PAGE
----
Aug 20th, 2018 - 08:05 pm - Link - Report abuse +2
  • DemonTree

    Damn, does everyone in Brazil send their money abroad? It's not a wonder the country never has any.

    “it's a bit hard to not know it, but it cannot be used against him in another trial.”

    Not officially. No one can just forget what they know and be impartial, that's why drug trials and experiments always have to be double blind. But that's one of the downsides of not having a jury. That lawyer Terry is always quoting seems to know what he's talking about, and he said Brazil's justice system is seriously outmoded and needs reform.

    Re Lula, I'd like to know how many people believe he's innocent, vs the number who think he's guilty and want to vote for him anyway. But, while corrupt politicians getting punished is a good thing, there's still plenty of reason to worry about the justice system being abused.

    Re your post on “Brazil farmers”:

    ”I don't think the situation (safety-wise) of where the asylum seeker is coming from should oblige the potential host country any more or any less“

    Asylum is supposed to be about fleeing a dangerous situation, not picking the best country to immigrate to. If the US, say, would accept Venezuelans coming from Brazil, shouldn't they also accept Brazilians? It wouldn't make much sense to allow one and not the other.

    Anyway, I'm glad to hear your government is doing something all the refugees, though it hasn't stopped violence erupting in one town.

    ”Before the Fed Govt decided to interfere with the freight rates...”

    Sounds like the truckers and agribusiness failed to negotiate a sensible agreement and had to turn to the government to sort it out. But maybe that's partly expectations; the truckers went on strike demanding cheaper diesel, not better rates for delivery, and I still don't really understand why. And surely the agribusiness realises their goods won't get delivered at all unless they at least cover the costs. Building their own fleets might be more reliable, but they'll still have to pay for fuel.

    What is cabotage?

    Aug 20th, 2018 - 11:17 pm - Link - Report abuse 0
  • Jack Bauer

    @DT
    “...does everyone in Brazil send their money abroad?” anyone who can and is sensible...Brazil's never been a great place for locals to invest their cash, 'n relatively risky.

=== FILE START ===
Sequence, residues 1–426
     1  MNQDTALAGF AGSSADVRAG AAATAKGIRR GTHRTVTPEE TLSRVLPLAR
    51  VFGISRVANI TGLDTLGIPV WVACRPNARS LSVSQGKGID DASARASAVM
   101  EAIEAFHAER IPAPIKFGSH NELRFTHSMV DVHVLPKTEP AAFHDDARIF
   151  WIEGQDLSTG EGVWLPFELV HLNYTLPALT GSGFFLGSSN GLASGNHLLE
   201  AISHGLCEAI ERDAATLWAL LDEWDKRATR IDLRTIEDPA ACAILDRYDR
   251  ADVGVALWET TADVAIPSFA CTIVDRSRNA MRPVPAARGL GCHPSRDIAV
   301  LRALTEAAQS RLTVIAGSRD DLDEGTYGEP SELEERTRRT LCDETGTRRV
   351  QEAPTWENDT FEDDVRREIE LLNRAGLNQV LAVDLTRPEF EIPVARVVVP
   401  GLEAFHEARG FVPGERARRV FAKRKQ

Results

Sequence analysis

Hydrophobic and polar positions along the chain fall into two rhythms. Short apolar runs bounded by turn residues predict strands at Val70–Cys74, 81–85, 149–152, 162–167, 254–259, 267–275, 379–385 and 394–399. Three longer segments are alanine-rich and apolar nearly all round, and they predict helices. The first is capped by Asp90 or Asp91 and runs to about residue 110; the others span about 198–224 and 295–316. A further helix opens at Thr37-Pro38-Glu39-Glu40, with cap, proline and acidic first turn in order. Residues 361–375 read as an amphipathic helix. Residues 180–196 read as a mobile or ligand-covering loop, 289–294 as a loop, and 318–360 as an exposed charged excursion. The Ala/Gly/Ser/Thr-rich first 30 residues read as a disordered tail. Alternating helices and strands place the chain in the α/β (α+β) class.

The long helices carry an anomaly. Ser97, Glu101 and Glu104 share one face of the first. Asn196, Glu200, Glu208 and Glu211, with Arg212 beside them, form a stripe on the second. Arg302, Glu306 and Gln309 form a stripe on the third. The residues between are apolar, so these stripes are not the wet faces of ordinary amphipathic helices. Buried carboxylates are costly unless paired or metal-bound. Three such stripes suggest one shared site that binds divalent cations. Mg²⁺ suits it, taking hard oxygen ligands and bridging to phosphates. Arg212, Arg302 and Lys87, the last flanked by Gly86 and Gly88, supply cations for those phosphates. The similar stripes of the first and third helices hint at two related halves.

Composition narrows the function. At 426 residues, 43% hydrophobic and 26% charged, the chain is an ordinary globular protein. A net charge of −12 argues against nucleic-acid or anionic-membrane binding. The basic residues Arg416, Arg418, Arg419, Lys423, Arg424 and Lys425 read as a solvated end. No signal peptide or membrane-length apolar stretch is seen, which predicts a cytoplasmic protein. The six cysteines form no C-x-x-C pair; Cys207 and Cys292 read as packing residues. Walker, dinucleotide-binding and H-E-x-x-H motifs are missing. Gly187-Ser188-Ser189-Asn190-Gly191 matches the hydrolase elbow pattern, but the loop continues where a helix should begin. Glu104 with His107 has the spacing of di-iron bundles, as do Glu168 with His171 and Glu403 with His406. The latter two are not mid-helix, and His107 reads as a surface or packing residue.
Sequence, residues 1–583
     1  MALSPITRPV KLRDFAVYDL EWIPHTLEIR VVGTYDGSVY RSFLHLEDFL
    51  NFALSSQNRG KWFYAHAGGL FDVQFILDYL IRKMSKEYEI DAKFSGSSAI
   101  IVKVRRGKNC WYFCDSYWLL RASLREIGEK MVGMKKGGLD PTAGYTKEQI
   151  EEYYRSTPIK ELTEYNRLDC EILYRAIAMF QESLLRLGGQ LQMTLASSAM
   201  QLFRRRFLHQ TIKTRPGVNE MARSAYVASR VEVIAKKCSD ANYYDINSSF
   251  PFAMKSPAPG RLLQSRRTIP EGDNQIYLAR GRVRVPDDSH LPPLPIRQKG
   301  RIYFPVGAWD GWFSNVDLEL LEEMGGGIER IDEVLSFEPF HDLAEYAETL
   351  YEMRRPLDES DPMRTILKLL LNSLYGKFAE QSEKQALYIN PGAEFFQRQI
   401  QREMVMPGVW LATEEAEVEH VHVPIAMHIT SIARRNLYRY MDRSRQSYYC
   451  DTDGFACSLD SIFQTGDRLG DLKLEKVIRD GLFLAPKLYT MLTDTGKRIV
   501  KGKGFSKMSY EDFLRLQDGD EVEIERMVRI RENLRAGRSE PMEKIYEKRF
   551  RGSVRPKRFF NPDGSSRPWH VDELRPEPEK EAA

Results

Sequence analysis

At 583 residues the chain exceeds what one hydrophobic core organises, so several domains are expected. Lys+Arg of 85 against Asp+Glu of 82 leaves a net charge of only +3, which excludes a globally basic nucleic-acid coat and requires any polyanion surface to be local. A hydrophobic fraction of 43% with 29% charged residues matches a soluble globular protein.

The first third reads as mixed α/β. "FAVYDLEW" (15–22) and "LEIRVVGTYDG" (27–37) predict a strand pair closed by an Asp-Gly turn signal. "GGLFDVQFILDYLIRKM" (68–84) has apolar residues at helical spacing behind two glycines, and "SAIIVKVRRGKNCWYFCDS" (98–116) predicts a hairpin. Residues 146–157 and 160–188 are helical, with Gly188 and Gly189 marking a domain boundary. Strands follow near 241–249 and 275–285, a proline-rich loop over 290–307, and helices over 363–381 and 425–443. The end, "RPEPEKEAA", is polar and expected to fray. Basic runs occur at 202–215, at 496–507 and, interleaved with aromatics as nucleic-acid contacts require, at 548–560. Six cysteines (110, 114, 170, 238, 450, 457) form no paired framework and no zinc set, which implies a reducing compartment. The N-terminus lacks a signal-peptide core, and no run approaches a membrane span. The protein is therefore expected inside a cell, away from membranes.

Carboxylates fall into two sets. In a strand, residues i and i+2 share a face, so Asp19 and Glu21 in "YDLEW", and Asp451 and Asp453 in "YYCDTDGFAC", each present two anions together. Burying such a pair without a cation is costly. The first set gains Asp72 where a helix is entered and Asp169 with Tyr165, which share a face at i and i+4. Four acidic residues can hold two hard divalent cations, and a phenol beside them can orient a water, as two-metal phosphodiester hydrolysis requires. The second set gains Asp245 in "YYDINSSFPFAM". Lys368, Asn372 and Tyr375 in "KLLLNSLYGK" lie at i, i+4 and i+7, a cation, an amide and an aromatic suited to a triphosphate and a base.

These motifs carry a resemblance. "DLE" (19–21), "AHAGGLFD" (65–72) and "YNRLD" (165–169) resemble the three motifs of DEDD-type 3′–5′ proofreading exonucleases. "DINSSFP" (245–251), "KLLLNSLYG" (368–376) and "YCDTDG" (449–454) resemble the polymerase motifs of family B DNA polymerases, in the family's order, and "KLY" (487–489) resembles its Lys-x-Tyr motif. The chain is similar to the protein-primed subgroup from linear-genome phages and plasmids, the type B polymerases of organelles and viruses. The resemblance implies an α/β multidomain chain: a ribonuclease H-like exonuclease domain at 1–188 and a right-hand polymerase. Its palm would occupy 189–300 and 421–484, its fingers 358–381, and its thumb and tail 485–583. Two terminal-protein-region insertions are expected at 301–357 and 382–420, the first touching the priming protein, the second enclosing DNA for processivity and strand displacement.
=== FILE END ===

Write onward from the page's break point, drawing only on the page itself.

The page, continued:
OK, you can't just wipe prior knowledge out of yr head, that's why a jury can only consider evidence allowed at a trial,'n besides, it's why jurors are selected by their capacity to be impartial. Agree Brazil's justice system is kinda obsolete...it's usually slow (STF), can be subject to undue influence (TSE with Temer/Dilma), but since you are referring to Terry's “lawyer”, must be about talking about Lula...but I really believe that for once they got it right. Many new, young prosecutors & judges are earnestly trying to modernize things, but the 'old' school, 'n Congress are loath to let them.

    Lula's rejection is over 65%...and don't know how that relates to those who might believe in his innocence or would still vote for him.

    How many asylum seekers (in Europe) tried to get into countries where benefits were the most generous ? Don't think their intention is to ' just get away' from danger. I still think each country has the ultimate right to decide who to let in.

    In Pacaraima, 4 VZs attacked 'n seriously injured the owner of a small supermarket....not the first story of VZn crime there, plus the fact that 1000s pouring in have stretched the town's resources to beyond its capacity ; some are receiving money to pay rent, disease has been brought in (measles), making the locals angry...thus the violence.

    The truckers turned to government which established freight rates unilaterally without consulting the agribusiness...so the result was no surprise. The raise in fuel sparked the paralyzation, but agribusiness /the population paid the price. Problem is that people complain abt govt interference, yet don't think twice about resorting to government to solve their disputes...
    Private fleets will still pay for fuel, but will be in control.
    Cabotage is coastal shipping.

    Aug 21st, 2018 - 06:48 pm - Link - Report abuse 0
  • DemonTree

    “anyone who can and is sensible”

    Very reasonable, and very bad for the country.

    Yes, the lawyer was Geoffrey Robertson and he was talking about Lula, and one of the things he objects to is the prior knowledge thing:

    “This system offers no separation between the role of the investigating judge, who supervises and approves the work of the police and the prosecutors, and that of the trial judge, who should hear cases without bias or preconceptions. In Brazil, both of these roles are played by the same person, even when, as in Lula's case, the investigation has included prejudicial findings against Lula by the judge.”

    Besides, several people who ought to know have said that the evidence against Lula would not have been enough to convict him in other countries.

    I think at least some of the 'new, young prosecutors & judges' are indeed trying to modernise things and root out corruption, but that doesn't mean they are immune to bias and making mistakes. It's the system that is supposed to prevent that, and - I'm guessing - can only be reformed by Congress. It's probably in the constitution.

    “Lula's rejection is over 65%”

    How can that be true when a story today said he has 37.3% of voter intentions?